Not long ago, I was helping a friend behind-the-scenes at an event, and one of the featured guests had Alzheimer’s. We were expecting her to show up at a certain time for hair and makeup when we received a call from her husband. She had jumped out of the car they were in, and he couldn’t find her. It was unsettling, to say the least. When he called back a few hours later to say that he’d found her and everything was okay, we all breathed a sigh of relief.
That night, I couldn’t stop thinking about her. And Alzheimer’s. It’s such a mysterious disease. I start googling and discover that it’s on the rise. Right now, over 5 million people have it and by the year 2050 that number is expected to reach 16 million. That’s a lot of Alzheimer’s.
My mind shifts over to my friend Jonyse whose mother has it. Maybe she can give me some insight. Jonyse says that she never saw it coming. “I went to my mother’s place one day and it was unusually messy, and another time she had no food, even though she said she had just gone food shopping. When the bank teller called to say that she was coming in every week to get new cards because she couldn’t remember her PIN, I knew something was out of whack.”
She took her mother to the emergency room and they diagnosed her with dementia. Eleven years later, she has full-blown Alzheimer’s. When I ask Jonyse if her mother knows who she is she says,
“It feels like it. They’re still who they are, but on a different plane; in another dimension. She still speaks to me, but differently. I have to raise my level of consciousness when I’m around her because I have to be open to the fact that she’s still my mother; my greatest teacher. There are things that I can still learn from her.”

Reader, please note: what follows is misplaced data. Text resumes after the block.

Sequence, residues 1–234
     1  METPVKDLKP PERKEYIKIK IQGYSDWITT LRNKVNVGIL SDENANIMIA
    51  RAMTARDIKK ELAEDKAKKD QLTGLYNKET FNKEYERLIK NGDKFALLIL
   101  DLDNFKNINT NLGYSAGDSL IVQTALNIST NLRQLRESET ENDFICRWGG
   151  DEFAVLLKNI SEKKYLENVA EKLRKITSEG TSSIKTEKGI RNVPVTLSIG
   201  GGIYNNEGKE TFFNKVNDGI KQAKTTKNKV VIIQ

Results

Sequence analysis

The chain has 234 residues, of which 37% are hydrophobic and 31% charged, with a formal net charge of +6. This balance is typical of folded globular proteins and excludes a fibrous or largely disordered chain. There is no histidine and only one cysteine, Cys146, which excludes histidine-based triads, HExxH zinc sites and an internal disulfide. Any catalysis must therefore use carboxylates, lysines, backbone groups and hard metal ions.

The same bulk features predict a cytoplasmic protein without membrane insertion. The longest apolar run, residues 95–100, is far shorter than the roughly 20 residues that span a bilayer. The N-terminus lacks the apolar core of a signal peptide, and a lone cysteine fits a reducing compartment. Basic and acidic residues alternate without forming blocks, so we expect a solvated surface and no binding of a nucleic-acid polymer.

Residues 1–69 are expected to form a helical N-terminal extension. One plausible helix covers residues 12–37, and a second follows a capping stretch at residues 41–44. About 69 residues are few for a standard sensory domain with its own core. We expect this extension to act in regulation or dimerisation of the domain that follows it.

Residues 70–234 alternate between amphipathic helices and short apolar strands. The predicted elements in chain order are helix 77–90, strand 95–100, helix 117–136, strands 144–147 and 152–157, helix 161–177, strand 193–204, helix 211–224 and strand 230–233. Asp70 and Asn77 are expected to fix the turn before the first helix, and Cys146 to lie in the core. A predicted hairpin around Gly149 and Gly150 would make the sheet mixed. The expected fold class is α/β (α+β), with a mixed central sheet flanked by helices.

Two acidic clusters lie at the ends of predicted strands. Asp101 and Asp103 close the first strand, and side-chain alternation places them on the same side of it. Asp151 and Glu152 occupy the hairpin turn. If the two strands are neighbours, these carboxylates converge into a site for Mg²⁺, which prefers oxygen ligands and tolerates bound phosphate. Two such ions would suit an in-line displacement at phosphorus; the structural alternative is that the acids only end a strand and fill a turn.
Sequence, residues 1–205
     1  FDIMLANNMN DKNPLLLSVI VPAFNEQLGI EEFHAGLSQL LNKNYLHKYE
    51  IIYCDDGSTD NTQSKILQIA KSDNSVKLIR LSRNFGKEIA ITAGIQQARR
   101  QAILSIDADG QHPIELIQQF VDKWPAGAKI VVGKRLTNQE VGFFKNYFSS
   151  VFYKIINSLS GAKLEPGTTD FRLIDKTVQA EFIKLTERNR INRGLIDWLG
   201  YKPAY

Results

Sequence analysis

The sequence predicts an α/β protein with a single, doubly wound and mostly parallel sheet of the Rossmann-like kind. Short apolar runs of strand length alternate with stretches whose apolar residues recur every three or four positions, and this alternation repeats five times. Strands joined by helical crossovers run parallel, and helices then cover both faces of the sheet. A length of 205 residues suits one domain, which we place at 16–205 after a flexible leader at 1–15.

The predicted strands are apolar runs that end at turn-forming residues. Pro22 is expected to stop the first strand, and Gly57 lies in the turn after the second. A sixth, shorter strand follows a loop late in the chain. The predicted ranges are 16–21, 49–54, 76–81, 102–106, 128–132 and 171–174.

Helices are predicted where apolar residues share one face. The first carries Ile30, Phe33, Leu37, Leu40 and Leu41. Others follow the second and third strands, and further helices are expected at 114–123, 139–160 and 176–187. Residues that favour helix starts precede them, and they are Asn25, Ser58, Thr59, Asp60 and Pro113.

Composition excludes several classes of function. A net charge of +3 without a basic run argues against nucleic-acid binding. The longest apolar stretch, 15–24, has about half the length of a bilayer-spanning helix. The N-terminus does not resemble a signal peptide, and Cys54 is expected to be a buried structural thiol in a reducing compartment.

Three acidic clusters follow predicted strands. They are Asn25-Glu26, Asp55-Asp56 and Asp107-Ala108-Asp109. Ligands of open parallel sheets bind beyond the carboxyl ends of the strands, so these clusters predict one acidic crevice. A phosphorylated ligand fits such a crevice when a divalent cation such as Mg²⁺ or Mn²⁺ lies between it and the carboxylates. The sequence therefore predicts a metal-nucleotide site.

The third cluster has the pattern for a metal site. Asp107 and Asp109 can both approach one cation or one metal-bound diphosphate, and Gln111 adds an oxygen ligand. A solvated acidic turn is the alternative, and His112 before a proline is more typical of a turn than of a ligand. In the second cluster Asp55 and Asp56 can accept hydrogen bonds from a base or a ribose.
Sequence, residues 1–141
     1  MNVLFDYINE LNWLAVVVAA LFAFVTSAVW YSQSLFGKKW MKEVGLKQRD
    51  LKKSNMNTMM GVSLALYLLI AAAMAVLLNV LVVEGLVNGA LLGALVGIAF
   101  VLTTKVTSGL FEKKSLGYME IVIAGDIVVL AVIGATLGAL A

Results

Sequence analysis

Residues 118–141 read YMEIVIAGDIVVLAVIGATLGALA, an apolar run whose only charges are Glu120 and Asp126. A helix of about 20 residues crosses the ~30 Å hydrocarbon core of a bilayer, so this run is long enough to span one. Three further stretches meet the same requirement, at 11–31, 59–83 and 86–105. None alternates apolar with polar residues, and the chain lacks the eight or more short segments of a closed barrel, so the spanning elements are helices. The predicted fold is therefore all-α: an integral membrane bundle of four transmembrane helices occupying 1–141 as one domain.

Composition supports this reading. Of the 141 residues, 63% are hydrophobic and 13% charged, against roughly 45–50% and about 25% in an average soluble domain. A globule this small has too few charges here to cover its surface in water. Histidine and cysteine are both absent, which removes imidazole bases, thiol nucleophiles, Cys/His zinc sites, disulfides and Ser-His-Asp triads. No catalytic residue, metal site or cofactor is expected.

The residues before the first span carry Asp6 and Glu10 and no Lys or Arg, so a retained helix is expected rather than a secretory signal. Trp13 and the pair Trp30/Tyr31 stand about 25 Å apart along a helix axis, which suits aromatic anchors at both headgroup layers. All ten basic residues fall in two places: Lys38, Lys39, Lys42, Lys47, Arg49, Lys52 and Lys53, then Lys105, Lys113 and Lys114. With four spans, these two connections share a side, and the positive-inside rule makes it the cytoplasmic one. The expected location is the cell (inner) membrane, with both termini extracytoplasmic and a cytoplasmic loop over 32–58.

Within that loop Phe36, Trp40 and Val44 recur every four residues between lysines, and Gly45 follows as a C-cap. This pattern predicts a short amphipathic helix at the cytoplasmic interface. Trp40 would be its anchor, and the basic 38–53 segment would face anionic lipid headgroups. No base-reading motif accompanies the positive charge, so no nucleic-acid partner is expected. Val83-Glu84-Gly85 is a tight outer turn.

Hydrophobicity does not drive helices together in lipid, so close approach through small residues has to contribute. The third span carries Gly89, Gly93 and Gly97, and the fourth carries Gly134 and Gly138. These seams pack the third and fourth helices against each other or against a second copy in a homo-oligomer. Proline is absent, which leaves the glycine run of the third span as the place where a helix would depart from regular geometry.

I find myself reaching out to my cousin Marty who took care of my Aunt Babe, after she got Alzheimer’s. She says she enjoyed having Aunt Babe come live with her post-diagnosis because she was welcome company after her husband and son died. She kept her mother with her for seven years until a full-time nursing home was unavoidable.
“She began walking around in the middle of the night, and I was afraid she might fall down the stairs,” remembers Marty, “And she was also becoming more irritable.”
Naturally, it wasn’t an easy decision, but it was at the nursing facility that something incredible happened.
“Ma used to be a nurse. So being at the nursing home brought back her nursing instinct. She became very caring towards the other patients and you’d see her rolling her wheelchair around, making sure they had water, and asking them if they were okay.”
Aunt Babe. Next Marty tells me how she passed, and it only gets better.
“I was right there with her,” she says. “I saw her reaching to a light that was in the room, and I knew she was seeing someone. She kept reaching up, and I was telling her, ‘I know you see someone.’
She looked at me and smiled. And when her hand came down she looked at me again and closed her eyes.”
(Featured Photo of Uncle Bill Palmer & Aunt Babe)